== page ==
Welcome to another edition of the A-List, our look back at the best of best we’ve reviewed here over last month. January was quite the busy month, with over 50 products sampled and reviewed including one with a very rare A+ rating (and quite the price tag). Sláinte!
While everyone is still foaming at the glass about the recent Budweiser brew-ha-ha, a small article published in USA Today has passed by with relatively little fanfare that has a direct impact on brewers big and small: there’s a barley shortage looming. [USA Today]
So now we’ve got too much demand for barley for beer, and we’re supposedly (but not really) in the midst of a bourbon shortage, but it seems as if there’s an abundance of vodka (both flavored and unflavored) ready for the taking. And if you’re in Russia, it’s now available at cheaper prices! [CNBC]
The Distilled Spirits Council released its 2014 annual report, with great news for the Bourbon and American whiskey industry: We’re doing great! DISCUS Chief Economist David Ozgo reported on Tuesday that Bourbon and Tennessee Whiskey sales volumes were up 7.4% over last year, bringing in an extra $2.7 billion in revenue. Irish Whiskey and Single Malts grew 9.1% and 4.6% respectively. While flavored vodka sales saw a decline, traditional vodka volumes increased 3.7%.
Get ready Baltimore: Drizly launches here on Thursday. The alcohol delivery app will be working with local stores to bring the best booze right to your doorstep. [Baltimore Magazine]
And finally today, Glenrothes is readying an expression from 1968 which will be available in March to world travelers, specifically those in Singapore. The single cask is housed in a handmade crystal bottle made by a Portuguese craftsman and will set you back £5,500. Failing a sellout in Singapore, a worldwide release is planned for later this year.
The experiment known as the Single Oak Project will at last be reaching its conclusion after sixteen rounds and 192 barrels of bourbon. This final round will focus on number four char level barrels and stave seasoning of six months. The rest of the variables (recipes, entry proof, and grain size) will change. As of last tally, barrels 82, 109, and 111 were all in the lead, and if you haven’t already, you can cast your vote on the project’s website. Check out our thoughts on the project thus far. [Single Oak Project]
In other news, three days out and people are still up in arms over Budweiser’s Super Bowl ad taking a shot at craft beer drinkers. Bud’s VP has now come out saying there was “no offense” intended, but it seems hard to take the jab on the chin any other way.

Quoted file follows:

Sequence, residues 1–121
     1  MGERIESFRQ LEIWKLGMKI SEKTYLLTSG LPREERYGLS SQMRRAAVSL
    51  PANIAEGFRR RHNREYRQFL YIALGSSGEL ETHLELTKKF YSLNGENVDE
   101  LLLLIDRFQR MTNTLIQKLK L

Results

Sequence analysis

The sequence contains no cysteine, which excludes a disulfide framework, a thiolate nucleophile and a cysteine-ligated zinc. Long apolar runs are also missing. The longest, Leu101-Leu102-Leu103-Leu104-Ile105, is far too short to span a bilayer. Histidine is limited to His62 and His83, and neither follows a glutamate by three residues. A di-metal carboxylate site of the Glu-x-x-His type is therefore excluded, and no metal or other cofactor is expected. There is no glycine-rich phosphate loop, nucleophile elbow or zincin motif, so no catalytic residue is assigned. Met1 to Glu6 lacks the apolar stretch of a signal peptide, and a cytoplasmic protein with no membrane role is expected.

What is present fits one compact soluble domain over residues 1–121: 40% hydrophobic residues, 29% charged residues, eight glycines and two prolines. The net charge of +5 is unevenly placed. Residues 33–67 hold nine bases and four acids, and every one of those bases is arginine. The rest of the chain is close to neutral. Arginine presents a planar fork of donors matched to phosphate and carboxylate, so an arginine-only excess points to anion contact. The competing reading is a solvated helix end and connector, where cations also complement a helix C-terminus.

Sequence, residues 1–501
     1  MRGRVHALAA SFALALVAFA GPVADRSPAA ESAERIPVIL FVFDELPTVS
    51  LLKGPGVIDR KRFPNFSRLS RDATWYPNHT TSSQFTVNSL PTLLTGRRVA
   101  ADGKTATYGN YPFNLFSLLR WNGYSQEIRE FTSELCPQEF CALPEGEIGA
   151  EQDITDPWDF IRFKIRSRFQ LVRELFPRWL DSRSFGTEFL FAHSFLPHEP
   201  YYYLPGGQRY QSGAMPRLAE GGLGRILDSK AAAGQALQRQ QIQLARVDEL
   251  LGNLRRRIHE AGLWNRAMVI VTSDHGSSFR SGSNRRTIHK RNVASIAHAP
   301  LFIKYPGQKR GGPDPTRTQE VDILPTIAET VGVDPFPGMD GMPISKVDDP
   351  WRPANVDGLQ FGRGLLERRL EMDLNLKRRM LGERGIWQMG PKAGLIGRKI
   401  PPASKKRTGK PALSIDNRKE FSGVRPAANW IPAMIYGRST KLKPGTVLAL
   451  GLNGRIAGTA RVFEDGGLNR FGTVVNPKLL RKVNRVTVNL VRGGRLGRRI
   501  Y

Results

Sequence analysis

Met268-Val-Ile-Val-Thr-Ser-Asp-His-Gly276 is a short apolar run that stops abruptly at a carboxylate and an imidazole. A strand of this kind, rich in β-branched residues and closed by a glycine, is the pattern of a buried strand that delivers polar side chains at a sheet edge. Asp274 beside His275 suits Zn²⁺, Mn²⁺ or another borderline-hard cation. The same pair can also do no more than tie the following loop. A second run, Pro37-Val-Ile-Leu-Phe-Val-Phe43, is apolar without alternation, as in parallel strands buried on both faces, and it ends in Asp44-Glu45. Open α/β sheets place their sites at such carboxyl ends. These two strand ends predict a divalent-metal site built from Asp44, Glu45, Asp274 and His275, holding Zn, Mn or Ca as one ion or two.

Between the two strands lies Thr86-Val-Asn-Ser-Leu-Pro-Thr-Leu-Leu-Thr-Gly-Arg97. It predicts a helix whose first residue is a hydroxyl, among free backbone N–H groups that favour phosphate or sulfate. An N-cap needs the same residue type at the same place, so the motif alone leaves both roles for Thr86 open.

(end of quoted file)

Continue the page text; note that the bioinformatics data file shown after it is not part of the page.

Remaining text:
Should the definition of Tennessee whiskey should be expanded? This surprisingly articulate article from Jackyl’s lead singer/chainsaw player Jesse James Dupree makes a compelling argument for the case. [The Tennessean]
And finally, today the Spirits Business takes a look back at ten of the most definitive moments in the history of Scotch. It’s a solid (and brief) lesson that serves as an introduction, but also whets the curiosity enough to dig deeper into the spirit’s history for more interesting tales. [Spirits Business]
Super Bowl XLIX is a mere one day away. With #deflategate, anti-media players, and all the commercials to watch, it seems as if folks are forgetting the most important thing about the game: drinking. Here’s a sampling of a few recipes to kick your viewing parties up a notch or two. No underflated drinks here!
Muddle cilantro in a mixing glass, then gently muddle jalapeño on top of cilantro, then add remaining ingredients into a mixing glass. Shake well for approximately 8-10 seconds. Double strain into a double old fashioned glass rimmed with paprika sea salt. Garnish with a cilantro leaf and/or pineapple slice.
1.5 oz. Ketel One Citroen
0.5 oz. fresh lime juice
0.25 oz. simple syrup
1 oz. pineapple juice
2 oz. ginger beer
0.25 oz. aromatic bitters
Combine first four ingredients in a mixing glass. Shake with ice and strain into a collins glass filled with ice. Top with ginger beer and a heavy float of bitters.
Combine all ingredients in a blender without ice. Blend and pour over fresh ice into a rocks glass prepared with a half salted rim. Garnish with a cucumber spear and lime wheel (optional).
Combine the Privateer Rum and Bloody Mary mix in a cold beer glass, add ice and top with beer. Garnish with a lime wedge, salt and pepper rim optional
½ oz. blackberry liqueur